Vintage Goya

“[Goya] speaks to us with an urgency that no artist of our time can muster,” wrote art critic Robert Hughes. Goya’s best known suite of engravings, “The Disasters of War,” is arguably as (or even more) powerful and poignant than any of the other timeless anti-war artworks, including those by Daumier, Dix, Grosz and Picasso. Francisco Goya’s 82 nightmarishly witnessed scenes of human cruelty in “Disasters of War” anticipate the atrocities of modern warfare; they were not just imaginative specters but first-hand war reportage of the kind even today’s military public relations teams prefer to keep from view.

Goya’s images are scars that humans have left on humanity, which is why I’m vexed that a reputable California vintner, The Prisoner Wine Company, has extracted portions of two Goya images as labels for their wines. On their website they write “We work with passionate, devoted growers to source varietals from the best vineyards and appellations located across California in order to create interesting wine blends that are thought provoking and approachable.” Fair enough.




However, altering and using Goya’s visual testimony to sell wine is like calling naming a microwave oven “The Hiroshima.” Some well-meaning souls got their metaphors mixed up. The website for the wine does not seem to breathe any hint of irony either:

“‘The Prisoner’ was created and inspired by the drinkable “mixed blacks” first made by the Italian immigrants who originally settled in the Napa Valley. Launched in 2003, ‘The Prisoner’ soon became the most recognized innovative and unique Napa Valley Red Wine blend, leading the resurgence of blends by incorporating Zinfandel with the unlikely “mix” of Cabernet Sauvignon, Syrah, Petite Sirah, and Charbono. Features enticing aromas of Bing cherry, dark chocolate, clove, and roasted fig. Persistent flavors of ripe raspberry, boysenberry, pomegranate, and vanilla linger harmoniously, for a smooth and luscious finish.”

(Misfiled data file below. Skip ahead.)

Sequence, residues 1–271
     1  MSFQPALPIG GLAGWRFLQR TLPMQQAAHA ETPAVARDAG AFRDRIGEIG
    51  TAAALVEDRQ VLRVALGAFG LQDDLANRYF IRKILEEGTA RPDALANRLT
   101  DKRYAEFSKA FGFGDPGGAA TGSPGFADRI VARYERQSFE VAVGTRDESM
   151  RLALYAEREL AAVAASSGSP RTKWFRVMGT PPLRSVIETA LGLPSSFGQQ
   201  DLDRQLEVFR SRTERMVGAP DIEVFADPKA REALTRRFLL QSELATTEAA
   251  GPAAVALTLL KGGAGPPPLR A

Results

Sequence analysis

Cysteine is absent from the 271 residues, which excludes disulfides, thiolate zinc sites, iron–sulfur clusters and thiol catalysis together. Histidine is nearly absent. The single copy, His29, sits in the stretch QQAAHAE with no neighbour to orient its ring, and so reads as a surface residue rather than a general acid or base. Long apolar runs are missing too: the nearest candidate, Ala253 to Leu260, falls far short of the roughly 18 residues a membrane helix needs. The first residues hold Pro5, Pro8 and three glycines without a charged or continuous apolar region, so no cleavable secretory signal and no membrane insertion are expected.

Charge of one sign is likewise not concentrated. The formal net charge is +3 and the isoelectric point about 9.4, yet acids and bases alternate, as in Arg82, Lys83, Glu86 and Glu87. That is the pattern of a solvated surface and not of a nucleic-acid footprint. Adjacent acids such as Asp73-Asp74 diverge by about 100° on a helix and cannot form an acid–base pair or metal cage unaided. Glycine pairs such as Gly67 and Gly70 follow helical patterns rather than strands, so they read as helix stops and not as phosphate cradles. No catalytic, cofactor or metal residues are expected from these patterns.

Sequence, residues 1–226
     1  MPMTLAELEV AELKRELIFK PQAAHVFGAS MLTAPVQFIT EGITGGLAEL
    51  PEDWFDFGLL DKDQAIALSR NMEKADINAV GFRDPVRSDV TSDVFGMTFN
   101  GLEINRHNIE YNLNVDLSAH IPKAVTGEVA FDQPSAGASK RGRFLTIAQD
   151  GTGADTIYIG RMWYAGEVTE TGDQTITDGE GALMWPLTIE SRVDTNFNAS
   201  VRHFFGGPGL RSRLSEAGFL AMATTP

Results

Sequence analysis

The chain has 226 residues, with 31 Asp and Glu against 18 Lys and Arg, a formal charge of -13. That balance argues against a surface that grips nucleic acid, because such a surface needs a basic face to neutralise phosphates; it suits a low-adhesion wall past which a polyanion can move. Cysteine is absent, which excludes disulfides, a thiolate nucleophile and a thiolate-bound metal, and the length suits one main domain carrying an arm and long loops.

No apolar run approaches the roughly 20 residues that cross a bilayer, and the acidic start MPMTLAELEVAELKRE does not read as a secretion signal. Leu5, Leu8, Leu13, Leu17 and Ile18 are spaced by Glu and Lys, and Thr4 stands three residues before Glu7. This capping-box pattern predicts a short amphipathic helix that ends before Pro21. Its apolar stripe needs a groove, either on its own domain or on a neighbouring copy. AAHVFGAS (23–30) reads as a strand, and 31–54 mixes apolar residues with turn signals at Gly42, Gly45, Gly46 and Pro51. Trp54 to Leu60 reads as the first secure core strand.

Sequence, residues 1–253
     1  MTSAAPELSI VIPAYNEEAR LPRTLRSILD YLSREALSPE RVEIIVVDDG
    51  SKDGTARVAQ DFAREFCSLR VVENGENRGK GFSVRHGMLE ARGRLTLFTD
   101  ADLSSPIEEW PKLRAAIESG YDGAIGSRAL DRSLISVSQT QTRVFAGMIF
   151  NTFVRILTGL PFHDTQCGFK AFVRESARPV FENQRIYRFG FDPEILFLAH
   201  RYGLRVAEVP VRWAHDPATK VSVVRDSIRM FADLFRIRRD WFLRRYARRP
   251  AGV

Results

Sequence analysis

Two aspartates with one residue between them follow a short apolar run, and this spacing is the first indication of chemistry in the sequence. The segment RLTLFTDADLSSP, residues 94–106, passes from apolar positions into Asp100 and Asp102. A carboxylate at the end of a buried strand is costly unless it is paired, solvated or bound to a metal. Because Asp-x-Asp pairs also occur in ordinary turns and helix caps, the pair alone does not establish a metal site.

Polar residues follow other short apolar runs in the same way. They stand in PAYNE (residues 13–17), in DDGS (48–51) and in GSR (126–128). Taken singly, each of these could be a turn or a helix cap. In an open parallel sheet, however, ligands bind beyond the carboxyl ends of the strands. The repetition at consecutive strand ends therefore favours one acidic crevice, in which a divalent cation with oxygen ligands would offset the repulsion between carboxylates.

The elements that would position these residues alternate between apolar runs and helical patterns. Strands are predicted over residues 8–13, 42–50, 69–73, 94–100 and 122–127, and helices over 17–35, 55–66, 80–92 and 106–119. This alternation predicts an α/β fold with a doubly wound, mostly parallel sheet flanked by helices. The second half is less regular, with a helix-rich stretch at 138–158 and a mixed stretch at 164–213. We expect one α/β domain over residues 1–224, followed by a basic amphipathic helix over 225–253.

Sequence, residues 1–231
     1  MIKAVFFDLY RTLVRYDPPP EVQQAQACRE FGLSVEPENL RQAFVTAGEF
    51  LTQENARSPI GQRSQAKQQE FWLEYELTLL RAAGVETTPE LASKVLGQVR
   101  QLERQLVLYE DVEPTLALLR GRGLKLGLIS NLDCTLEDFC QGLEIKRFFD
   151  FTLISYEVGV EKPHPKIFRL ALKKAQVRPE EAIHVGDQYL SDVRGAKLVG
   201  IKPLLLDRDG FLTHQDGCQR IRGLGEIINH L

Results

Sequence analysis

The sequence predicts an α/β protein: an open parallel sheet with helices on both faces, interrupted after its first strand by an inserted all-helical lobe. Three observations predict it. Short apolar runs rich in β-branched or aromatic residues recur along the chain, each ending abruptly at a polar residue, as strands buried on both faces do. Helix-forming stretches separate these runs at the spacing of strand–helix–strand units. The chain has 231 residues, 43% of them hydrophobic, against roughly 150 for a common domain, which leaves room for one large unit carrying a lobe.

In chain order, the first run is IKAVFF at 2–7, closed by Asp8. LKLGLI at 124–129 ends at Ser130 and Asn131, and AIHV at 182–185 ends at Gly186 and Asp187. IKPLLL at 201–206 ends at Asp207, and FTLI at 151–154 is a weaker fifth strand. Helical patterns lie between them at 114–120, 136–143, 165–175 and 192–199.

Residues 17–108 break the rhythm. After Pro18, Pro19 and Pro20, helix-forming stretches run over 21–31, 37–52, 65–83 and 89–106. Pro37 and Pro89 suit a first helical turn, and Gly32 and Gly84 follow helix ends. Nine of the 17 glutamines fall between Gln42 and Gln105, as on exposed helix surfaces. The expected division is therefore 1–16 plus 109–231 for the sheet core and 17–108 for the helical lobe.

Nor does the companion wine, “Blindfold,” suggest full-bodied wit: “Created to provide the perfect white wine companion to The Prisoner, Blindfold is equally bold and intriguing. In establishing a creative white blend, Winemaker Jen Beloz and her team begin with a classic Chardonnay base, and blend in full-bodied and interesting aromatic white varieties (Roussanne, Viognier, Grenache Blanc, Chenin Blanc, and Marsanne).The wine is complex with inviting aromas of honeysuckle, grilled white peach and apricot. A luscious entry of toasted hazelnut and mandarin are balanced by bright acidity and minerality. The finish is rich and creamy with flavors of lemon zest and caramelized sugar.”

Goya created these prints for his own personal catharsis along with an impassioned need to record history. They were never published when he was alive, only afterward did they find an audience. Still, his depictions of mutilation, torture and rape carried out by French and Spanish armies was not a partisan political critique as much as a commentary on the barbarities of war. We can be certain that he would never imagine any of these images would be used as a label of a fine California wine.

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4 thoughts on “Vintage Goya

  1. amaze

    I just came in to start the first day of work after the new year holidays here in Japan, and this was the first mail I opened. What has happened to us…what do the new generation of designer think of design? Seeing so much gruesome visuals on the internet and TV has made them numb, they think gruesome is not gruesome anymore.
    I really hope we see less of this kind of design flooding the world, or else we are in big trouble.

  2. llens8

    An excellent observation, Steve– sharp and right on target. Our nerve endings gradually become deadened by a steady stream of cultural choices such as this. If we don’t remain alert and empathetic, we could one day become so desensitized that we might even elect a vulgar lout as president.

    Just sayin.’

    — David Apatoff

  3. toragami

    I get great pleasure from all the Daily Heller posts. Today’s post I find especially poignant and disturbing when contemplating these troubled times. To my sensibilities, the business and design ethics that were glossed over when deciding to cheapen profound commentary on the horrors of war by associating these images for something as trivial as wine borders on corporate malevolence. Even the company’s name, “The Prisoner Wine Company”, mocks the miseries and evil of incarceration. I hope the quality of their wine is substantially better than the quality of their empathetic awareness.